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Former California chief justice joins private mediation firm after criticizing industry


Before leaving her post as California’s top judicial official in January, former Chief Justice Tani Cantil-Sakauye said she had serious concerns about the rapid growth of the private judging industry.

Responding to The Times revelations that such contract judges had helped facilitate the misappropriation of client funds by fallen legal titan Tom Girardi, Cantil-Sakauye said in August that the largely unregulated industry , she was ready for further supervision.

In her last open forum with journalists in November, Cantil-Sakauye reiterated those concerns, saying that the rise of private mediation and arbitration, pushing litigation behind closed doors and off the public record, also threatened the evolution of California case law. .

But now, just months after retiring from the bank, Cantil-Sakauye is joining private industry, signing with ADR Services, which specializes in alternative dispute resolution in California. The company promotes a comprehensive list of prominent legal scholars and former judges available to hire for private mediation, arbitration, and consulting.

In an interview with The Times on Thursday, Cantil-Sakauye, a moderate who was considered a consensus-builder on the California Supreme Court, said she still has the same concerns about the industry, but also sees value in giving clients resolutions. fast in certain cases. cases.

She said that people might “see that as inconsistent or hypocritical,” but she doesn’t see it that way.

He has never been entirely opposed to mediation.

Cantil-Sakauye noted that to help eliminate a massive backlog of criminal and civil cases related to the COVID-19 pandemic during his time as Chief Justice, he created a program to provide free civil mediation services to litigants using funds state agencies, and another to retrain retirees to monitor those cases and move them through the system faster.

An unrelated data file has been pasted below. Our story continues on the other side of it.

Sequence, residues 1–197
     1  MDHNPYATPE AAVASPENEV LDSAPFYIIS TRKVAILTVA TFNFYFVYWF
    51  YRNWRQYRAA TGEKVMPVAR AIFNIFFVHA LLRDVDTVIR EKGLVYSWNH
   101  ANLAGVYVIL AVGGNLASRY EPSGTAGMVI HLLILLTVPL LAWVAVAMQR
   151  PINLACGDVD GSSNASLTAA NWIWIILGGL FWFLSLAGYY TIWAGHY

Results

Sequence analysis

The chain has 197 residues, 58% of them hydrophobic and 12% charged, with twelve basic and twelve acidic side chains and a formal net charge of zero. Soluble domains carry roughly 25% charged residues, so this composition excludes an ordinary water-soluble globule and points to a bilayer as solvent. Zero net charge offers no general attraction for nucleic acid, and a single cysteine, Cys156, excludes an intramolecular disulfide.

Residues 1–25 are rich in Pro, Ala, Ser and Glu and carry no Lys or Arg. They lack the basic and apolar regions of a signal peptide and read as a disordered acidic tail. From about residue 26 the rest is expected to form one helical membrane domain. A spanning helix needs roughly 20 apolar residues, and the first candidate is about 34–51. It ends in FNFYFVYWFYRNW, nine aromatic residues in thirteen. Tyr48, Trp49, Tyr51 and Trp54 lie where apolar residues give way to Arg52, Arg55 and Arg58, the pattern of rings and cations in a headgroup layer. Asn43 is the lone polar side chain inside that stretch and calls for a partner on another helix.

She also remains in favor of increased oversight and, as a mediator, will continue to advocate for industry oversight, she said, just as she advocated oversight of lawyers as a lawyer and of judges as a judge.

“It is always the risk of a lack of supervision that creates the dangers,” he said. “There is so much going on in mediation with lawyers that there should be a review framework.”

Cantil-Sakauye said state legislators and California State Bar officials need to start formalizing oversight of private judges and the attorneys who work with them, and she hopes they’ll “invite her to sit at that table” when start doing it.

Cantil-Sakauye said she is also concerned that the proliferation of private mediation and arbitration would diminish the ability of California law to evolve as it should through robust litigation in state courts. But, he said, “that train has left the station.”

“It’s not just in California, it’s everywhere,” he said.

Cantil-Sakauye said she won’t be leaving her other new job as president and CEO of the California Public Policy Institute, which she took over in January upon leaving office.

Instead, starting next month, he plans to work part-time with ADR on a case-by-case basis, he said. She plans to work as a mediator, consultant and in moot court, but she won’t be handling arbitration cases, which she said would be too time consuming.

She said ADR had courted her for months and she “agreed to be flexible” about how many hours she would spend on cases. She said she decided to do so after speaking with her former colleague on the court, retired judge Ming W. Chin, who also works for ADR.

Cantil-Sakauye said there were financial considerations involved in the decision, of course, but they weren’t her main motivation.

“The biggest motivator for me is staying connected to the law,” she said. “I’d still like to talk to the lawyers about the cases and (ask), ‘What’s your strategy?’ and ‘How do you think you’re going to win?’”

She can see why they would want to talk to her, too, she said.

“Amongst a lot of other advice on a major case,” he said, “I probably wouldn’t mind hearing the opinions of a chief justice.”

Times reporter Harriet Ryan contributed to this article.

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